U.S. Conducts North Korea War Games Showing Conflict Like We've Never Seen Before, Report Says

The U.S. has reportedly conducted secret war games devised to simulate a war with North Korea, which has defied international calls to disarm its nuclear weapons program.

The so-called "tabletop exercise" was held over several days last week in Hawaii and was overseen by top brass, including Army Chief of Staff General Mark A. Milley and General Raymond Thomas, who heads the Special Operations Command, according to a report published Wednesday by The New York Times. President Donald Trump and his administration have pursued a "maximum pressure" campaign of increasingly heavy sanctions in a bid to force North Korea to abandon its nuclear arsenal, but the White House has left "all options" on the table, including military force.

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Citing officials who were involved, the report indicated that the exercise proved that a war between the U.S. and North Korea would be unlike anything that any soldier alive today has ever known and would involve a mass mobilization of resources being used in the Middle East, where 17 years of counterinsurgency experience would be of little use for another Korean War.

RTX3V3C1 South Korean and U.S. marines take part in a winter military drill in Pyeongchang, December 19, 2017. The snowy county hosted last month's 2018 Winter Olympic Games, where both North and South Korean athletes participated together during rare peace talks that have not yet won over the U.S. Kim Hong-ji/Reuters

The drills reportedly examined a number of potential plans and strategies, including the size of conventional and Special Forces deployments required to take out North Korea's nuclear facilities, the tunnel-fighting capabilities of the Army’s 82nd and 101st Airborne Divisions, how to neutralize North Korea's powerful anti-aircraft capabilities and, inevitably, the recovery of dead and wounded U.S. soldiers.

As North Korea moved to defend itself and the nuclear weapons it developed explicitly to deter a U.S. invasion, last week's war games indicated there would likely be up to 10,000 wounded U.S. personnel in the first days of the conflict alone, while civilian casualties could be in the hundreds of thousands, according to the report.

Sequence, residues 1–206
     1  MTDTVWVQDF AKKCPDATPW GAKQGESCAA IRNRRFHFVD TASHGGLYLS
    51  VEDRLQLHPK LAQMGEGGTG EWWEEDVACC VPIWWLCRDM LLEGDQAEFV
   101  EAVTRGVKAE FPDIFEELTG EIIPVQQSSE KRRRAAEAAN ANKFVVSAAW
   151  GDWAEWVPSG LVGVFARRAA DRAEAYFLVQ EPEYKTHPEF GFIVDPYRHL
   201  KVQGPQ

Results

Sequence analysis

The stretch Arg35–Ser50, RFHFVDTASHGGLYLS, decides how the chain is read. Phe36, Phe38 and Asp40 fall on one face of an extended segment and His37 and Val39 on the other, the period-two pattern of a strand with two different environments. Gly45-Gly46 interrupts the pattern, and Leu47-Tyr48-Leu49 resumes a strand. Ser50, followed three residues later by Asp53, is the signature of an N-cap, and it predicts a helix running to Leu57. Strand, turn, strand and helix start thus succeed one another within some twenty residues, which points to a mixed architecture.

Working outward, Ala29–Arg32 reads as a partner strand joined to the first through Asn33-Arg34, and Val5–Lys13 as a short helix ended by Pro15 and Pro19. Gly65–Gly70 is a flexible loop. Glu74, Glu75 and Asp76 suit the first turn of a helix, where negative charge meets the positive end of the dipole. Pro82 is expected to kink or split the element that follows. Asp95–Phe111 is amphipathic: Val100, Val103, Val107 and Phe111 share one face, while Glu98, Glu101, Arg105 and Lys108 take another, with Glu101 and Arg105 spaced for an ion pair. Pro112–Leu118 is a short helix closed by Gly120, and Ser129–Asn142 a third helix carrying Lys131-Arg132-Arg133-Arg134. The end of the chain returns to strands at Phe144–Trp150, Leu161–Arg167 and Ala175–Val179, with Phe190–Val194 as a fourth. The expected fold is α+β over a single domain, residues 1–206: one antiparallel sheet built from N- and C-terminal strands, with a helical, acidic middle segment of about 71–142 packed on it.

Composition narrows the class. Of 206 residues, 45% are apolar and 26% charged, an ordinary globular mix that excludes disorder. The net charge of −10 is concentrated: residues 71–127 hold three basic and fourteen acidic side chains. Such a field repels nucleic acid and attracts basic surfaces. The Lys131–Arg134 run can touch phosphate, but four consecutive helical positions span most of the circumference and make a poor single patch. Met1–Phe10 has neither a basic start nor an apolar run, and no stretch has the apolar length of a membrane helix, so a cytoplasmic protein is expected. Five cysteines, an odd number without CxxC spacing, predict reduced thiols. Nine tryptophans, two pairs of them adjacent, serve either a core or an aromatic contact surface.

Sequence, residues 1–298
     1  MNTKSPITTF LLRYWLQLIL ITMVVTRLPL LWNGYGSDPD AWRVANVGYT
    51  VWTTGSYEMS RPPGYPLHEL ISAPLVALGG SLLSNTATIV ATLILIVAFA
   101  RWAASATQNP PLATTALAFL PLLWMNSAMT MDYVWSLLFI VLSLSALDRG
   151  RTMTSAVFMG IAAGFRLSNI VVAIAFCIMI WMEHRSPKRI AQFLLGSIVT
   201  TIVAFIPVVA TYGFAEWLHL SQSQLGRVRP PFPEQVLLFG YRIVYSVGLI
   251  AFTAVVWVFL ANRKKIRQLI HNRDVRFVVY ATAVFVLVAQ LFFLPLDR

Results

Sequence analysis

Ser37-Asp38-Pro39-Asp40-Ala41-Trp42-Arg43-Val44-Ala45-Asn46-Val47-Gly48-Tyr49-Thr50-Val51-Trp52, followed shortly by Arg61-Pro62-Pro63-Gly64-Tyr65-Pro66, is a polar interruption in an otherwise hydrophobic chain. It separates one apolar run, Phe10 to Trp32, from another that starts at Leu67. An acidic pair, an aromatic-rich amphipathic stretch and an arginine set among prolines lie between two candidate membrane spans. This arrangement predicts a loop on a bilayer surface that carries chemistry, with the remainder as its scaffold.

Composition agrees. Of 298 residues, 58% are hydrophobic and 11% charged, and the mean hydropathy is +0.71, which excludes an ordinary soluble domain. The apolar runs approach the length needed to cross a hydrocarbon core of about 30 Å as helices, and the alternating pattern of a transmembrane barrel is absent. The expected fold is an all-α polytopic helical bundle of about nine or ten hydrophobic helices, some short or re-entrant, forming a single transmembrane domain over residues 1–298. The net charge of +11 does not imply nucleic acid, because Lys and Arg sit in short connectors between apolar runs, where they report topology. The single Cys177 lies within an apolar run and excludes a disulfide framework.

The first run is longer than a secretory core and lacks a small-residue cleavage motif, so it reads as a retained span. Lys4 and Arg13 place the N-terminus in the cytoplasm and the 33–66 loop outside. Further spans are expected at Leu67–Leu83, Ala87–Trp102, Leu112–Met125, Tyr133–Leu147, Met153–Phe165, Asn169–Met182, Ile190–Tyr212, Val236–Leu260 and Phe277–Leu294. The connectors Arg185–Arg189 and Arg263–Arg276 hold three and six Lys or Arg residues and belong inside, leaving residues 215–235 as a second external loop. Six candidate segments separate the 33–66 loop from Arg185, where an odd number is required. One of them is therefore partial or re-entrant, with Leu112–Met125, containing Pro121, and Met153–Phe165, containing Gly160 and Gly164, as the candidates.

Russian Foreign Minister Sergey Lavrov said Wednesday that assessments showed U.S. military action against North Korea would result in "a humanitarian disaster, which would claim the lives of hundreds of thousands, if not millions of civilians." Other estimates have placed the number of deaths up to 1 million, even without the use of nuclear weapons.

In August, Defense Secretary James Mattis said such a war would be "catastrophic." Later that month, German Foreign Minister Sigmar Gabriel warned the conflict "could result in more victims than World War II." The six-year conflict was the deadliest in history and, in the end, resulted in the U.S-Soviet partition of the Korean Peninsula in 1945. The two newly formed governments of Pyongyang and Seoul went to war five years later and the U.S.'s support for South Korea left Washington a bitter enemy of North Korea in the decades since.

RTX4TBW6 Soldiers march during a grand military parade celebrating the 70th founding anniversary of the Korean People's Army at the Kim Il Sung Square in Pyongyang, in this photo released by North Korea's Korean Central News Agency (KCNA) February 9, 2018. In addition to intercontinental ballistic missiles capable of hitting the U.S., North Korea's massive army and arsenal of conventional, chemical and nuclear weapons could prove deadly for invading forces. KCNA/Reuters

Despite the U.S.'s overwhelming advantage in terms of military power, its ability to quickly overcome North Korea and avoid being dragged into another long-term foreign conflict has been called into question. Marine Corps commandant Robert Neller said last month that the fight would be "really, really tough." Echoing unnamed military officials featured in the Times report, he warned troops that it would be "a serious conflict that’s going to test them beyond anything they have ever done in their lives."

After a year in which he oversaw his country's first intercontinental ballistic missile launches and debuted a hydrogen bomb, North Korean supreme leader Kim Jong Un reached out to South Korea in a New Year's speech. He vowed to continue building up his military, but Kim also initiated peace talks that saw border hotlines reopened, joint participation in South Korea's 2018 Winter Olympic Games and historic visits by North Korean officials across the border.

South Korea's leading ally, the U.S., however, has not officially endorsed the talks and first demanded North Korea commit to halting its nuclear development. The U.S. has also declined an indefinite suspension of military drills as proposed by Russia and China, which have been collaborating on their own contingency plans in the event of U.S. attack on North Korea.